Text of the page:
In this paper, we provide a new perspective on self-supervised speech models from how the self-training targets are obtained. We generalize the targets extractor into Offline Targets Extractor (Off-TE) and Online Targets Extractor (On-TE), without caring about specific pretext tasks. Based on this, we propose a new multi-tasking learning framework for self-supervised learning, MT4SSL, which stands for Boosting Self-Supervised Speech Representation Learning by Integrating Multiple Targets. MT4SSL refers to two typical models, HuBERT and data2vec, which use the K-means algorithm as an Off-TE and a teacher network without gradients as an On-TE, respectively. Our model outperforms previous SSL methods by nontrivial margins on the LibriSpeech benchmark, and is comparable to or even better than the best-performing models with no need for that much data. Furthermore, we find that using both Off-TE and On-TE results in better convergence in the pre-training phase. With both effectiveness and efficiency, we think that doing multi-task learning on self-supervised speech models from our perspective is a promising trend.
Ziyang Ma, Zhisheng Zhen, Changli Tang, Yujin Wang, Xie Chen
11/20/2022 Cross-Modal Adapter for Text-Video Retrieval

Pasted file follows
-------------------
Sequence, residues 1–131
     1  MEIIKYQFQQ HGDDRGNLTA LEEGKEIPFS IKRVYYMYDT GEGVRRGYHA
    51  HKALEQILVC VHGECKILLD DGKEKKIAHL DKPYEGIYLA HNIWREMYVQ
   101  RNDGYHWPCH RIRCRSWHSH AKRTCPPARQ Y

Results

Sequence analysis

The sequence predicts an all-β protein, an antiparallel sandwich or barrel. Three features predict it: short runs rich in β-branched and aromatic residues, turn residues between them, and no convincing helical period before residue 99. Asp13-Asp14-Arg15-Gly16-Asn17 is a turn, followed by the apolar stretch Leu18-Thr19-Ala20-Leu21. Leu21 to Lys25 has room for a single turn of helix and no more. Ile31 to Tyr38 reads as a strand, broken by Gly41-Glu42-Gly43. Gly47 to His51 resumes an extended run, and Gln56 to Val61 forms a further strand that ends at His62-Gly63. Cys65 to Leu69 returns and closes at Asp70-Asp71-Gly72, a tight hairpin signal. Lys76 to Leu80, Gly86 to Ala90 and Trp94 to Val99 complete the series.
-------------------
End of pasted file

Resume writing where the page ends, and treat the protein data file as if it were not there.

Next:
Text-video retrieval is an important multi-modal learning task, where the goal is to retrieve the most relevant video for a given text query. Recently, pre-trained models, e.g., CLIP, show great potential on this task. However, as pre-trained models are scaling up, fully fine-tuning them on text-video retrieval datasets has a high risk of overfitting. Moreover, in practice, it would be costly to train and store a large model for each task. To overcome the above issues, we present a novel $\textbf{Cross-Modal Adapter}$ for parameter-efficient fine-tuning. Inspired by adapter-based methods, we adjust the pre-trained model with a few parameterization layers. However, there are two notable differences. First, our method is designed for the multi-modal domain. Secondly, it allows early cross-modal interactions between CLIP's two encoders. Although surprisingly simple, our approach has three notable benefits: (1) reduces $\textbf{99.6}\%$ of fine-tuned parameters, and alleviates the problem of overfitting, (2) saves approximately 30% of training time, and (3) allows all the pre-trained parameters to be fixed, enabling the pre-trained model to be shared across datasets. Extensive experiments demonstrate that, without bells and whistles, it achieves superior or comparable performance compared to fully fine-tuned methods on MSR-VTT, MSVD, VATEX, ActivityNet, and DiDeMo datasets. The code will be available at \url{this https URL}.